Google launched its Chrome native ad blocker on Feb. 15 to a mix of fanfare and concern.
The blocker is based on standards set by the Coalition for Better Ads (CBA), of which Google is a founding member, aimed at improving the online experiences of the billions of people that use the web. While the move doesn't block all ads, it does block annoying ads — or as the CBA puts it, those "that fall beneath a threshold of consumer acceptability" — including auto-playing video ads with sounds, prestitial ads, pop ups and more. With the Chrome web browser used by over half of those online (56.27 percent according to StatCounter), the introduction of the Chrome ad blocker creates yet another challenge for online advertisers to grapple with.
Google first raised the ad blocker last June, at the time pointing out that poor ad experiences were forcing web users to download and implement ad blockers at an increasing rate, 30 percent more than in 2016 to be precise. This, in turn, reduces the ability for publishers to continue creating free content and threatens the sustainability of the web ecosystem.
Critics point out that Google's place in the online advertising market, where it controls over 42 percent of all online ads in the U.S. according to research firm eMarketer, make it an unlikely choice to marshal ad quality.
So which is it? Will the ad blocker improve user experiences and advertising's efficacy or is this a land grab by one of the giants in the online advertising world?
We reached out to practitioners to hear their take.
Benefitting Web Users or Benefitting Google?
Jeremy Tillman is director of product and business operations at Ghostery, a provider of a free privacy browser extension, which is owned by German web company Cliqz.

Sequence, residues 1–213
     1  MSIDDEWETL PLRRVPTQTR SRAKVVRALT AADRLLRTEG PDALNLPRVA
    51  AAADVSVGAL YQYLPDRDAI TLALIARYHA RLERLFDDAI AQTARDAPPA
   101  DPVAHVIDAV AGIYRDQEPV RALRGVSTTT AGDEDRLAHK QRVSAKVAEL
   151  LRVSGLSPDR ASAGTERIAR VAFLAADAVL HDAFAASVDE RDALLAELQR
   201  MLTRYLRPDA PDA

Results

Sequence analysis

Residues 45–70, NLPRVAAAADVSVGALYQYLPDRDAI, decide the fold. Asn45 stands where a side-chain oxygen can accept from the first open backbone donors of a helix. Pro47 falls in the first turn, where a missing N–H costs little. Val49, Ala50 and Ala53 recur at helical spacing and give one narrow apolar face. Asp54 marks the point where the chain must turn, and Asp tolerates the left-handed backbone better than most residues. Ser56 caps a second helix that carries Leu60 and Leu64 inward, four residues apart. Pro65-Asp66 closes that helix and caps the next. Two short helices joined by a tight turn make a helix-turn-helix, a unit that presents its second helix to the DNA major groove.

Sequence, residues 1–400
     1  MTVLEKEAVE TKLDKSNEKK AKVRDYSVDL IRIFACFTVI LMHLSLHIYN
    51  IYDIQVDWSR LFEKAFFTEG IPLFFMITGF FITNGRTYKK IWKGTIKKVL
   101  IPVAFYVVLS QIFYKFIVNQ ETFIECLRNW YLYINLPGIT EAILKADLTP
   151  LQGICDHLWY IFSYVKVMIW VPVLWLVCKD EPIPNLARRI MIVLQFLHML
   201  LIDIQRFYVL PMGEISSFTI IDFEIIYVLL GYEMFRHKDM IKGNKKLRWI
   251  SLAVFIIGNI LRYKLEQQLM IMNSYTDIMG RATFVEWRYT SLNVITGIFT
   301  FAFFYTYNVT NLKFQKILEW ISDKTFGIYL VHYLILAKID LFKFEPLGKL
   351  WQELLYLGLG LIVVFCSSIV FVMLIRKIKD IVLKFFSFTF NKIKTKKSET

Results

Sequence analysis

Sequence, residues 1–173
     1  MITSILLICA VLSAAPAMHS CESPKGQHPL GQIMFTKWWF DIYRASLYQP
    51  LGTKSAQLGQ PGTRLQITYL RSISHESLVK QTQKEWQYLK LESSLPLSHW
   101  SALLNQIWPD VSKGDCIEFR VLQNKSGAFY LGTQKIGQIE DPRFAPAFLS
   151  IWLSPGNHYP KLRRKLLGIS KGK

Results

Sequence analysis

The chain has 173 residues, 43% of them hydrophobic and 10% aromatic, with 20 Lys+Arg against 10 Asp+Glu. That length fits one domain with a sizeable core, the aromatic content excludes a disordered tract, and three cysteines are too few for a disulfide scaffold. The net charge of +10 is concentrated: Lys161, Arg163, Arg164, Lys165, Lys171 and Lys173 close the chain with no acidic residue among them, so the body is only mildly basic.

Tillman said the Google Chrome built-in ad blocker is less about improving the browsing experience for users and more about forcing publishers and advertisers towards ad standards that benefit Google. “The fact that it is threatening to block all ads on pages that fail to meet its standards within 30 days seems like an obvious ploy to move more publishers to Google’s advertising platforms, which relies on deep and exhaustive data collection that Google has no incentive to curb,” he said.
He added that the new Chrome feature is less of an ad blocker and more of an ad enforcer that, by Google’s own admission, will only impact one percent of all publishers. Tillman also believes this will do very little to dissuade users who are tired of slow, cluttered websites harvesting their data from installing privacy tools and ad blockers.
“If anything, Chrome’s ad blocker normalizes the need for tools to help users protect themselves against all the unseen costs of browsing the web,” he said.
Forcing Advertisers to Think Like a Content Marketer
Conductor is a New York City-based organic marketing platform provider. Patrick Reinhart, senior director of Digital Strategies at Conductor said that with the ad blocker, Google is penalizing sites that forcibly redirect users' search intent.
“It doesn't matter if you're pushing a conversion or sharing an inspirational quote — yes, those Forbes interstitials will qualify as bad ads in Google's book. If you make it difficult for the user to get the information or experience they came to the page for through the search engine results page, Google is out to block you,” he said.
Reinhart said marketers share a common misconception that Google is out to make their lives more difficult with all of its updates and changes. Instead, he said, the company is actually obsessed with user experience, because it wants people to continue using its search engine so it can continue to serve them ads.